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In my previous article about the effect of size on families, I discussed the will making issues that can arise in large families.

This article addresses the issues in making an Enduring Power of Attorney (EPOA) – the document where you appoint people to make decisions for you if you lose your capacity to do so.

As in the previous article, mum, in her early 80’s, has 5 adult children. Typically, before her husband’s death, she had appointed him to be her EPOA. Because he has died, she has no EPOA so she needs to make a new one. The most obvious candidates are her children who she loves dearly – two of them are nurses, one a schoolteacher, one an accountant and one she describes as a ‘disappointment’.

Here’s how our discussion proceeds:

  • Her love for them and her instinct to be inclusive, compels her to think, initially, she should appoint all of them.
    • My usual considered legal response is – Hmmm, think about that – is it just a recipe for disunity and dispute to have all 5 of them having to agree on any decision they have to make for you?
  • Well what if I appointed one of the children who is a nurse to make health care decisions for me and the one who is an accountant to make financial decisions for me
    • Hmmm I repeat – experience has taught me that it is not best to appoint children based on their professional expertise for two reasons, namely, it can lead to a demarcation dispute between them as to who is entitled to make a particular decision and they often simply rely on their so called expertise to make a decision rather than what is in your best interests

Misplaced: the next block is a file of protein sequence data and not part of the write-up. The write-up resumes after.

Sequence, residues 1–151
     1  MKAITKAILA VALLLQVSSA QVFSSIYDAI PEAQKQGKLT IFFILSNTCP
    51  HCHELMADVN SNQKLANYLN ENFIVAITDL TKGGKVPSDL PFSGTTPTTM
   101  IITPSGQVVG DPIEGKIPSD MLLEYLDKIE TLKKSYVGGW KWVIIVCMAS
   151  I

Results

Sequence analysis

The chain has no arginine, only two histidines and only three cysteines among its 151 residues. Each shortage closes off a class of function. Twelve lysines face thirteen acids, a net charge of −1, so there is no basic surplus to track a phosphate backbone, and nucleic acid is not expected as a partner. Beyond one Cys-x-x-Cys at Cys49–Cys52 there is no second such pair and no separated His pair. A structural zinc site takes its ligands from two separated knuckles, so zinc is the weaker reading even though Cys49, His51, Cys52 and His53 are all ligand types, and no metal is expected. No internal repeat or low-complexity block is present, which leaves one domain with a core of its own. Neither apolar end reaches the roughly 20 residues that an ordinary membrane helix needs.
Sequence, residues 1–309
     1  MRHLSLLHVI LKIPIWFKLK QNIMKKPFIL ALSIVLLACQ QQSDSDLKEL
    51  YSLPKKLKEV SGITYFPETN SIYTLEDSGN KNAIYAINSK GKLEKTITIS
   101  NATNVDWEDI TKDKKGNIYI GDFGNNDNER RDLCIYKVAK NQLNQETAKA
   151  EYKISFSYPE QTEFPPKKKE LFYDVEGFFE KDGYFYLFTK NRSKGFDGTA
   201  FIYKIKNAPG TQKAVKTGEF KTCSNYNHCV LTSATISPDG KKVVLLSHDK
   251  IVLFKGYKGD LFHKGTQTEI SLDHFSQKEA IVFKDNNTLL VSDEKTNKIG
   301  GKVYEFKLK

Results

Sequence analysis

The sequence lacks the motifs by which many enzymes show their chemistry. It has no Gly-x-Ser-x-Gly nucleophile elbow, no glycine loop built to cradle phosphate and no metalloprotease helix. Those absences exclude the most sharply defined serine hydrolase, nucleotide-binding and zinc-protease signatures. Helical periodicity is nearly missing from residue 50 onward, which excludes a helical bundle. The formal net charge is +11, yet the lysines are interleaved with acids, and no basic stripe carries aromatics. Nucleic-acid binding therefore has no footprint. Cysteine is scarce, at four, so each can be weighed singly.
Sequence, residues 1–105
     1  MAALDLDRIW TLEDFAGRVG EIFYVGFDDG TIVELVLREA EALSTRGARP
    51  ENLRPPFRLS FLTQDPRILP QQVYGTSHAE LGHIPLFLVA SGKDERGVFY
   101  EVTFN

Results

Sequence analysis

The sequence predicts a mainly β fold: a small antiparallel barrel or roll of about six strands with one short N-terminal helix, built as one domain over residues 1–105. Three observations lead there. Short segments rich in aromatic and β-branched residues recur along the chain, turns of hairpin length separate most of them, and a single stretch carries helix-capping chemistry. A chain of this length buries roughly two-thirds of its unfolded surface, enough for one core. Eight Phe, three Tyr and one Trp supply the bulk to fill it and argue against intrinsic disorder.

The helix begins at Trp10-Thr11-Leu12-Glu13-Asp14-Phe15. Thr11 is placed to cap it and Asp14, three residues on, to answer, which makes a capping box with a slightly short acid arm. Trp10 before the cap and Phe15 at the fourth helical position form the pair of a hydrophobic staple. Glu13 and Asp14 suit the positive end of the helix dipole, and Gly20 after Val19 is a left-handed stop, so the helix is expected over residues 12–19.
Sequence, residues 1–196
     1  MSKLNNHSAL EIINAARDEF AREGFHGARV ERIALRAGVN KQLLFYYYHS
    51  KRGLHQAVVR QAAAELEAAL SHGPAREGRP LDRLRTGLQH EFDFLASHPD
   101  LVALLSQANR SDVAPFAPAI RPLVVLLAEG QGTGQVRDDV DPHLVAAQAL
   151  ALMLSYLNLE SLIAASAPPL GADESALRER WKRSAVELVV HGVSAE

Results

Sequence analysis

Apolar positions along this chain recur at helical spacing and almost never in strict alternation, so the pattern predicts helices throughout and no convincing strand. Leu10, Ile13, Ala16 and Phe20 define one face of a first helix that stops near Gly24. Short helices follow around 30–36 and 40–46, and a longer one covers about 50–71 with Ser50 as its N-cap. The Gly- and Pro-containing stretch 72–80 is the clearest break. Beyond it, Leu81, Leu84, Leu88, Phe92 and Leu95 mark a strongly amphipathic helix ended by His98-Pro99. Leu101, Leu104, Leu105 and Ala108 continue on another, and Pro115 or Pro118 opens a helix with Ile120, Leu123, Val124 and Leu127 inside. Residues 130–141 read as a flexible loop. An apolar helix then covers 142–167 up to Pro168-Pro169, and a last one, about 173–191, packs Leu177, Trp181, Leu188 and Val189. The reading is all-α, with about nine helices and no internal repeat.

• Well what if I appointed some of them
    • Less of a Hmmm on this occasion because that is getting towards a good solution. But who, how many and how would they make decisions eg individually or collectively

We get to a point where she can start to find a solution that appeals to her sense of inclusiveness but at the same time is practical. For example, she could appoint 2 of them and require those 2 to tell the other 3 of any major decisions they may make. That way they can make decisions efficiently but the others are kept in the loop.

The EPOA document may appear to be a beige bureaucratic form but it can be tailored and massaged to your personal circumstances. Doing it well at the outset is another way of reducing the propensity for family implosion in later life.

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